Texas House of Representatives
More than 63,000 out-of-school suspensions were issued to Texas’ youngest students during the 2015-2016 school year. Of those suspensions, 26,000 were issued to students in prekindergarten through second grade. African American boys were issued 47 percent of these suspensions, though they only make up 13 percent of the total elementary student population.
Countless studies have shown the benefits of early childhood education on closing the gap between at-risk children and their peers. However, when students are suspended, the learning process is disrupted, which effectively defeats the purpose.
Out-of-school suspensions for minor offenses serve as a gateway to much more serious offenses, placing students into the school-to-prison pipeline. When students are suspended, they are kicked out of classrooms and sent home, where they may not have hot meals to eat or a positive, nurturing environment at all. Parents are called away from work, and the child misses valuable lessons taught in the classroom, resulting in them falling further behind, often unable to catch up.
Children, especially African American boys who are the main recipients of out-of-school suspensions, are stigmatized and branded as criminals before they even reach the third grade. This leads to grade retention and significantly reduces the chances of these children graduating from high school. Black and Latino children are twice as likely not to graduate from high school when compared to their White counterparts.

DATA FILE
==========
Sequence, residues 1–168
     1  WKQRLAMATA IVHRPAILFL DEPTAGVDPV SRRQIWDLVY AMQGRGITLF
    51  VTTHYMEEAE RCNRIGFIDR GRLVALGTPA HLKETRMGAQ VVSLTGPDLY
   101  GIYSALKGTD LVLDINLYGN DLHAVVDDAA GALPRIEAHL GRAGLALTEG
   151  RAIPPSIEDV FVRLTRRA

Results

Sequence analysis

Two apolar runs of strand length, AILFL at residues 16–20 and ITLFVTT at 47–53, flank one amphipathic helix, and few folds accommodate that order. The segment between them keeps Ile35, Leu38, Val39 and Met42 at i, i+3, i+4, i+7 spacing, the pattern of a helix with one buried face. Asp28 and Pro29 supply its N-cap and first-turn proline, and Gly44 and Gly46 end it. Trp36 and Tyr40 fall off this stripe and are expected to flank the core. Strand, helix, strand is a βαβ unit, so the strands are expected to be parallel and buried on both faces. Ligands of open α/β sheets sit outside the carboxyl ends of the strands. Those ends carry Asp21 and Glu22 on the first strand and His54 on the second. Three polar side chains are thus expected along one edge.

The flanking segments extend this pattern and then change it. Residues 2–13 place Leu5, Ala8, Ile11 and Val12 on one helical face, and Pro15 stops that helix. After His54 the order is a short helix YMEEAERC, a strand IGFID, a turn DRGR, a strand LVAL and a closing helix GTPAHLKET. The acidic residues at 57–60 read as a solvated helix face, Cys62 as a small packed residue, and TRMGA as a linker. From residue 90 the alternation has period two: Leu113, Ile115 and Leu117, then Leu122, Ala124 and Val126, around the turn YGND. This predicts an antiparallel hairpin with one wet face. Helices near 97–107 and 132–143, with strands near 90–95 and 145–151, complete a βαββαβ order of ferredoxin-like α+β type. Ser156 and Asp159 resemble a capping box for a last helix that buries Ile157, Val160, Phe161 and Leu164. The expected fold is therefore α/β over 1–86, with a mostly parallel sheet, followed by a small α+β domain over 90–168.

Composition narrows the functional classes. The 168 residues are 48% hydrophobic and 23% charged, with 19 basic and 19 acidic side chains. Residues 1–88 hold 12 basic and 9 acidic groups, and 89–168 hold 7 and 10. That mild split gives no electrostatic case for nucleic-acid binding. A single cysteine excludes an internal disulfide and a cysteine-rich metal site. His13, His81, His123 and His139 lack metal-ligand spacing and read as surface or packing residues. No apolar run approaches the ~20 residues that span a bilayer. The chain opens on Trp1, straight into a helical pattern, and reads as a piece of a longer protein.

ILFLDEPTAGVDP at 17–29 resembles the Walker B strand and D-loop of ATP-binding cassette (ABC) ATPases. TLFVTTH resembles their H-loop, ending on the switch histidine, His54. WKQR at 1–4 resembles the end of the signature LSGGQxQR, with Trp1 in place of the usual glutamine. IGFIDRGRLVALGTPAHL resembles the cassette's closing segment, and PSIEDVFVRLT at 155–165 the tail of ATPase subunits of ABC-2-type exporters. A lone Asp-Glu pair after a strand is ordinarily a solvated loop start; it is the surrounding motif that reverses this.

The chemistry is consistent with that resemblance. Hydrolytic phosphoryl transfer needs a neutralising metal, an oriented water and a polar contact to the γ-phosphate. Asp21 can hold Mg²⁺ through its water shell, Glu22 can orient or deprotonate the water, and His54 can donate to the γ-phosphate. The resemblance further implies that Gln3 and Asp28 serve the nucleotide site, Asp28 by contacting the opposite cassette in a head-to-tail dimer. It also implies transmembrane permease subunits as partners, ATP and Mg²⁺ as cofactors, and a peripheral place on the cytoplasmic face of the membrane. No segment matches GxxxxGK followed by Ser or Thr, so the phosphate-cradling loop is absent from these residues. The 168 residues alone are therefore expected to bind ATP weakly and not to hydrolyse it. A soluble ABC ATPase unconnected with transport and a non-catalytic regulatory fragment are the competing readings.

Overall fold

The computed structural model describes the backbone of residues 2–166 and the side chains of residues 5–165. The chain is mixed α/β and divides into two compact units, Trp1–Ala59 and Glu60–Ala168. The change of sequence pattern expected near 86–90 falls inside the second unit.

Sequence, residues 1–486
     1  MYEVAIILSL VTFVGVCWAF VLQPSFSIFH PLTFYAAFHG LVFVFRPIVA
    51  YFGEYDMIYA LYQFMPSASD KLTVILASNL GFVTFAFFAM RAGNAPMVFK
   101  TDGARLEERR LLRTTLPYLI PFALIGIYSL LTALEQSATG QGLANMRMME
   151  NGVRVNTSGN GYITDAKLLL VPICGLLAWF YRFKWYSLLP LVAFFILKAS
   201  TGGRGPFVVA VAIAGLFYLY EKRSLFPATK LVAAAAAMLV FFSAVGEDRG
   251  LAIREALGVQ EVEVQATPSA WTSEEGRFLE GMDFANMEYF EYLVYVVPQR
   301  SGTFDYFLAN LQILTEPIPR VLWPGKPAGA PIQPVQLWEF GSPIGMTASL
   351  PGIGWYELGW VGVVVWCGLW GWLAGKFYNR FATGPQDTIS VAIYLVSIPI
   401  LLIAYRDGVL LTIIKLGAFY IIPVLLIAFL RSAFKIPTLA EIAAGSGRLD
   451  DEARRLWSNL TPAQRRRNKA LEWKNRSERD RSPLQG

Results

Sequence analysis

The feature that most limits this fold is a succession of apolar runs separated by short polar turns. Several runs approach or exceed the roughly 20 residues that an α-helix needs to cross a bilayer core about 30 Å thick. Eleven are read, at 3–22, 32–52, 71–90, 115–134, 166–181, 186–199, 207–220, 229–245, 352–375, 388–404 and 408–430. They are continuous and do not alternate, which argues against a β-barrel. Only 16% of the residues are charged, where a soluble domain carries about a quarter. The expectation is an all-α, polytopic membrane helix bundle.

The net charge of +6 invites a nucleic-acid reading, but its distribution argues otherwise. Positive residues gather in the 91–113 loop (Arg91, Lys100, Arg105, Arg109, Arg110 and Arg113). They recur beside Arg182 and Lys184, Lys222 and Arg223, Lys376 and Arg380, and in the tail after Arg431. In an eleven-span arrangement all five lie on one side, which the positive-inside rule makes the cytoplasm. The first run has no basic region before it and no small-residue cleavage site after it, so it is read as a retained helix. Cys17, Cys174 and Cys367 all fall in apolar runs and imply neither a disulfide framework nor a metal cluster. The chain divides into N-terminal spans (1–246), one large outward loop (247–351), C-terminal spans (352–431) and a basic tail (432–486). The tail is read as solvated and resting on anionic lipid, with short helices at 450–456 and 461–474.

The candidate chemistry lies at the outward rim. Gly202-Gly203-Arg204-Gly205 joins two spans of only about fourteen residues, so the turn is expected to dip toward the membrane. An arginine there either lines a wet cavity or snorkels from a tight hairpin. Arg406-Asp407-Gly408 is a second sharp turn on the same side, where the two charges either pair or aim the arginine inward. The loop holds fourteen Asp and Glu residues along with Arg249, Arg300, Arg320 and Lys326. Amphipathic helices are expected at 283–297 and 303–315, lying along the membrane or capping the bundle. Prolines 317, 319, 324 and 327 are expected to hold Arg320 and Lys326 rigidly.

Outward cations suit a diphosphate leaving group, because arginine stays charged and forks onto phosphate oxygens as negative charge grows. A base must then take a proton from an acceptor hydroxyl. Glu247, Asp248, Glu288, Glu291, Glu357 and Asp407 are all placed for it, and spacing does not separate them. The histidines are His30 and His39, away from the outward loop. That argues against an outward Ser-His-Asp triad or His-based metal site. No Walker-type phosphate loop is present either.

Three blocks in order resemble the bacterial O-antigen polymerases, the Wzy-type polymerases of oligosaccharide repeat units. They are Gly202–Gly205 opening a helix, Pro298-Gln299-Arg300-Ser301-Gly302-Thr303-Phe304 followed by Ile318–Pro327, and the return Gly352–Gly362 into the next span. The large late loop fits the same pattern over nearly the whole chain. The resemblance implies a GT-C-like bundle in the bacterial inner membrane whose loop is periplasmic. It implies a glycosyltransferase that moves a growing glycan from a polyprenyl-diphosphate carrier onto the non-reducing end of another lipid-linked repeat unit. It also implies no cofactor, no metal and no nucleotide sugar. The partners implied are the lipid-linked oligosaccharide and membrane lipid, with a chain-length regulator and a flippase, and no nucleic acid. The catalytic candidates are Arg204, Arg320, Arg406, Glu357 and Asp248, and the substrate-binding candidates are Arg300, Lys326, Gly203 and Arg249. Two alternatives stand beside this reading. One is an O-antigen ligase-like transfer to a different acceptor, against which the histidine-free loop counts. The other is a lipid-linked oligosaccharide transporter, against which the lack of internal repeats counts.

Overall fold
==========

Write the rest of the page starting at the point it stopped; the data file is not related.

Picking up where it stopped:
Children who fail to graduate from high school are much more likely to become ensnared in the criminal justice system at some point. It is critical to shut off the pipeline where it begins: issuing out-of-school suspensions to young children for minor offenses. It is important that school policies handle discipline issues in a way that keeps children in school.
Texas just took a huge step in shutting off the school-to-prison pipeline. On Monday, Gov. Abbott signed a bill I authored into law, House Bill 674, a bill that bans out-of-school suspensions for students in prekindergarten through second grade, unless the student commits a serious offense such as carrying a weapon, harming another student in a way that constitutes criminal assault, or brings drugs, alcohol or other controlled substances to school.
The law encourages school districts to develop and implement alternative discipline methods to suspension that will keep children in school and focus on correcting the behaviors that result in their suspension under current disciplinary policies.
Several school districts in the state had already moved in this direction, including Dallas, Houston, Austin and El Paso. Dallas just made the policy change to ban out-of-school suspensions earlier this year.
Now, all of Texas has moved away from criminalizing young children, especially Black boys who are at a severe disadvantage when it comes to suspension policy. HB 674 goes a long way towards shutting off the school-to-prison pipeline and sends a message that the State of Texas wants children to be educated, not incarcerated.
State Rep. Eric Johnson represents District 100, which includes parts of Dallas and Mesquite, in the Texas House of Representatives.